Several top officials at the Japanese embassy in Nepal have asserted that Japan’s official development assistance has made a significant contribution to the improvement of aviation safety in the country.
“Japan’s help for the aviation sector is still underway, and we hope that Japan’s assistance would be utilised for the future enhancement of aviation safety in Nepal,” Yuzo Yoshioka, Deputy Chief of Mission, wrote in an email reports The Himalayan Times, a leading Nepali newspaper.
Following up on the previous piece published on The Himalayan Times — NEC Japan takes Nepali Civil Aviation for a Ride — it was inferred that the Japanese government as a whole was responsible for the problems that were plaguing the air traffic control system that was being administered by the Civil Aviation Authority of Nepal. According to a senior official at Tribhuvan International Airport, “GoJ may have systems in place to ensure that the Japanese taxpayer’s money is best utilised for the purpose for which it is intended, but it did not achieve its purpose in CAAN’s latest Air Traffic Management project execution, which remains at best slapdash based on ground facts,” he said. “Typically, ATC installations have a life cycle of a decade, and any deficiency in planning and execution of the project
Yoshioka, on the other hand, asserted that at the time Japan decided to provide assistance, the Minimum Safe Altitude Warning System had not yet been included in the technical standards of the International Civil Aviation Organization, which defines the international standard for international civil aviation operations, as had been the case previously.
“Even if the International Civil Aviation Organization (ICAO) standardised the features of MSAW in 1999, was it not Japan’s responsibility to extend the feature to the system it assisted in commissioning a year earlier? Furthermore, in the wake of the 1992 twin deadly incidents, which both included planes accidently colliding with terrain (officially known as controlled flight into terrain), the Japanese planners deployed the first TIA radar “An official from the TIA said.
“Japan has been providing continuous support for more than 20 years to improve aviation safety in Nepal as a result of the 1992 crashes of Thai Airways and Pakistan Airlines. This support has included the provision of various equipment to ensure the safety of aviation, such as radar facilities, and the dispatch of aviation experts in collaboration with the Nepalese government.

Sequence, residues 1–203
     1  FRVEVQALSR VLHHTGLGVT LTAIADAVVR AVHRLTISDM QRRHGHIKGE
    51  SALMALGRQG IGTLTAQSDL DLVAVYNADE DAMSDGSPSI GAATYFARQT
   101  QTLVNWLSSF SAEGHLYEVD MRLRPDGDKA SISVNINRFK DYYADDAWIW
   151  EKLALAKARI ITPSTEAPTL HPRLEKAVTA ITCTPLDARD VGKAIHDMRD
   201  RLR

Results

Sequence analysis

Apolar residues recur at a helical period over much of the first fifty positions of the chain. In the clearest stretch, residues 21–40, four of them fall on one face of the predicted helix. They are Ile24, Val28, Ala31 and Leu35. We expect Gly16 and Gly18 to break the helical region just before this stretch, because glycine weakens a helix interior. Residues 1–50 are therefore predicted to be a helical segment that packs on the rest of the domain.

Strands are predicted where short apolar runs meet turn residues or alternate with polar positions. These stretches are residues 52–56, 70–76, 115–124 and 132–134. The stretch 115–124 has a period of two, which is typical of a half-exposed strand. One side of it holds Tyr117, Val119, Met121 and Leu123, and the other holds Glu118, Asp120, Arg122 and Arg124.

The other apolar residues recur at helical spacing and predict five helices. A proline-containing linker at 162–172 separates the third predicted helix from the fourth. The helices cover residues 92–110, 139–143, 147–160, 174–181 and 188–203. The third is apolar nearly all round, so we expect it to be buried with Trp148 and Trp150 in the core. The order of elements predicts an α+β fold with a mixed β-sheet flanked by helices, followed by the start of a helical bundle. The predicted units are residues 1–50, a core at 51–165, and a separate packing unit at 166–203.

During the time of the 1992 air crashes, Nepal did not have radar facilities on the ground “Yoshioka added his voice.
The CAAN’s official Aeronautical information publication makes it clear that even the newer ATM system provided under the 2014 Grant does not include the MSAW capabilities required for the safety nets that are necessary to prohibit aircraft from approaching terrain in an unsafe manner. While the contents of the AIP-section Japan’s ENR 1.6 clearly indicate the airspace zones over which the safety features are available, the contents of the AIP-section Nepal’s ENR 1.6 are completely blank.
Clearly, the Nepali airspace users are still unable to access the MSAW at this time.
As a result, even if competent and honest Japanese consultants had been dispatched to Nepal in order to ensure the successful adoption of the newer ATM system, they were unable to accomplish so. Their CAAN counterpart engineers, who may not have simply possessed the knowledge to oversee the completion of a complex ATC system, but who nevertheless naively signed-off on the acceptance documents handed out by the consultants, according to a CAAN official, may also have acted in a similar manner.
Yoshioka asserted that NEC did not build software for a radar data processing system for export to other countries, and as a result, it submitted the system’s specs to a number of foreign manufacturers.
“NEC picked a single company after conducting a thorough examination of all technical and economical considerations. No, it is not a reality that NEC chose the foreign manufacturer in order to cut procurement costs.”
Furthermore, after consulting with a number of different sources at CAAN, THT discovered that the ATM system documentation published by ALES/NEC does, in fact, include ADS-B as a type of sensor with which the system is capable of interfacing.
However, in order for ADS-B targets to be employed alone for controlling purposes in locations outside the radar coverage area, the International Civil Aviation Organization (ICAO) requires significant paperwork overheads from the ATM system vendor – NEC.
Because of NEC’s refusal to cooperate, the ADS-B installations project conducted by CAAN has been stuck in limbo for nearly two years. It is unlikely that the project will be completed at all, and with it, the level of safety in that section of Nepali airspace.
“Regardless of the circumstances of the above-mentioned examples, in general, Japan’s official development assistance (ODA) programmes are launched only after thorough assessments have been conducted to ensure that the assistance is as efficient as possible.
Various criteria are used to guarantee that projects are implemented properly and that misconduct is avoided. They are carried out in accordance with established procedures and with the greatest of care, and they are monitored closely. The “Rules on Measures against Persons Engaged in Fraudulent Practices under Japan’s Official Development Assistance Projects,” which deal with firms and others who have committed wrongdoing in a very stringent manner, are also enacted by Japan “Yoshioka asserted his position.
A single complete review was used to determine the company chosen by NEC. In order to cut procurement costs, the corporation did not chose the international company.